Saturday, November 15, 2008

Lightweight Flashlights, Headlamps, and Other Light Sources

Picking the right flashlight for lightweight hiking is a chore many have grappled with as there are so many options. These options seem to get heavier, costlier, bulkier, and more confusing the more this topic is considered. Fortunately, some flashlights have edged their way to the top and they don't include the old MAG light which is a useful tool for bludgeoning an attacking grizzly but not for much else.

When considering a lightweight flashlight, the user needs some general understanding of things that work and things that don’t. For example, a red filter on a flashlight can save your night vision once it is turned on. When a white light is used, it will take anywhere from 15-30 minutes for your night vision to be restored. Therefore, a simple red filter on any light is a good idea for simple nighttime map checking, reading, or camp chores. For hiking, white light seems to be the best choice as it is most visible. Similarly, different lighting levels may also be important as it makes as much sense to try to read with a blazing light as it does to try to hike and navigate with something very dim. Of course, how much light is desired is based on the individual hiker and conditions. No doubt there are people who would like to bring a spotlight while others would be plenty comfortable with no light at all. Over time, I found that I gained little comfort with more light yet still felt uncomfortable with too little light. Mentally, I figured more light would make a huge difference, but the reality is that all light disappears into the mass darkness of the wilderness, can't get past trees, or otherwise doesn't reach whatever the destination I'm seeking to highlight. For me, minimal light is necessary, but no light at all doesn't make a lot of sense. Having the ability to obtain light is as much about useful utility as it is about making yourself more visible to search and rescue teams if necessary.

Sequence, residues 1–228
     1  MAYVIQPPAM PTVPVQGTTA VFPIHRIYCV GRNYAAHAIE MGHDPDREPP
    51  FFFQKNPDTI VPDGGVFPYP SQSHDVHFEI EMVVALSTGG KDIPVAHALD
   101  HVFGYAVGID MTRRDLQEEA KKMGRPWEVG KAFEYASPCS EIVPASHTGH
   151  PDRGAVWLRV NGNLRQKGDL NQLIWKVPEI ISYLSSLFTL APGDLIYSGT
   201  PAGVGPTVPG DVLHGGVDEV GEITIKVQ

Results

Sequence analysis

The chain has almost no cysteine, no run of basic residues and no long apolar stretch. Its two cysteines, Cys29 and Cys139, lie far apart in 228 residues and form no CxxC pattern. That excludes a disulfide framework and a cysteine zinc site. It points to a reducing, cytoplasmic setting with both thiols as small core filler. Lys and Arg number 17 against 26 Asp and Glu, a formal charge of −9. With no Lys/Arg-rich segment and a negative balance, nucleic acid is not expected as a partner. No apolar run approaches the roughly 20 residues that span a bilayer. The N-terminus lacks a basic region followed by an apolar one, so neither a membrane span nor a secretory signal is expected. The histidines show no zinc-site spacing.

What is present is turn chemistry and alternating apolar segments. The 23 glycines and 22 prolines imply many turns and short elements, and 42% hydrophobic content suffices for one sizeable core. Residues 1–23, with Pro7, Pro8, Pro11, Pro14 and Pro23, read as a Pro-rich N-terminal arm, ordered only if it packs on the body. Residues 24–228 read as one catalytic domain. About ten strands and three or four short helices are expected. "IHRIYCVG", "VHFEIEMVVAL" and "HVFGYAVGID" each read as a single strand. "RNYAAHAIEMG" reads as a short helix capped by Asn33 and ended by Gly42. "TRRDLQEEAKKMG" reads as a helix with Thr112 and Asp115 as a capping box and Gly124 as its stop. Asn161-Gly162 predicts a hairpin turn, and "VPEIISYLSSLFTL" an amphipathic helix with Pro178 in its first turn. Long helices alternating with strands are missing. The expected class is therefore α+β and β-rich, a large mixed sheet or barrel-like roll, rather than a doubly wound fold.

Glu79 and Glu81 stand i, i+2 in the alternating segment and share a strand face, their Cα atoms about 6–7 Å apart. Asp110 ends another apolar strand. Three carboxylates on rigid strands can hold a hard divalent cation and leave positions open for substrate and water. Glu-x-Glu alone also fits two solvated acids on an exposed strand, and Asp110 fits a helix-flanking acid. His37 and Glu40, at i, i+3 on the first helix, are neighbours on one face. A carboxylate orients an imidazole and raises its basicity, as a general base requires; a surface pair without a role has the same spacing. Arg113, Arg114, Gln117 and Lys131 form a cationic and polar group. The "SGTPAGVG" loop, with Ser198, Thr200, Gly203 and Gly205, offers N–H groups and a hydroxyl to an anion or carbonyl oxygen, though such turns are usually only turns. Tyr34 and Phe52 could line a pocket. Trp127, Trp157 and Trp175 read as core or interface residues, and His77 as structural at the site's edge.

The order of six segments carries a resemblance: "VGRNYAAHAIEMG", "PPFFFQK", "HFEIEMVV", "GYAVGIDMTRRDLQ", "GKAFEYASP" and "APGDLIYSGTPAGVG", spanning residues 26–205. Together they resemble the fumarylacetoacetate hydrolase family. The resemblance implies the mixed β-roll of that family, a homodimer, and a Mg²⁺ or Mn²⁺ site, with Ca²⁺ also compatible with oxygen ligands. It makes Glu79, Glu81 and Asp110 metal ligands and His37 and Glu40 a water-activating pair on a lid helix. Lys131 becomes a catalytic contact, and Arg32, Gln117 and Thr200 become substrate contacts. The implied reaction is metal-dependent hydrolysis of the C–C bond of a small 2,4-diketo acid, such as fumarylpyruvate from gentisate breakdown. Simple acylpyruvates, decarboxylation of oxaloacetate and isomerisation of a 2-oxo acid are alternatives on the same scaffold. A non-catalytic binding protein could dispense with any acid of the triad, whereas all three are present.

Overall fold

Batteries are also important and users are encouraged to use the same batteries for any items they carry so they can be interchanged in a pinch with one another. It is also important for the user to be able to change batteries on their own, in the field, with little to no tools which in many cases is impossible either by design or by lack of special implements. Also standard Alkaline batteries have less power than Lithium, but Lithium tends to cost more.

The type of bulb is also an important topic as a standard bulb has multiple fragile implements and is subject to damage quite easily whereas an LED bulb has often been described as indestructible and able to last for decades. The key to any good bulb is the measurement of the “lumen”, or the unit of luminous flux which is essentially a measurement of the perceived power of the light based on the sensitivity of the human eye to different wavelengths of light.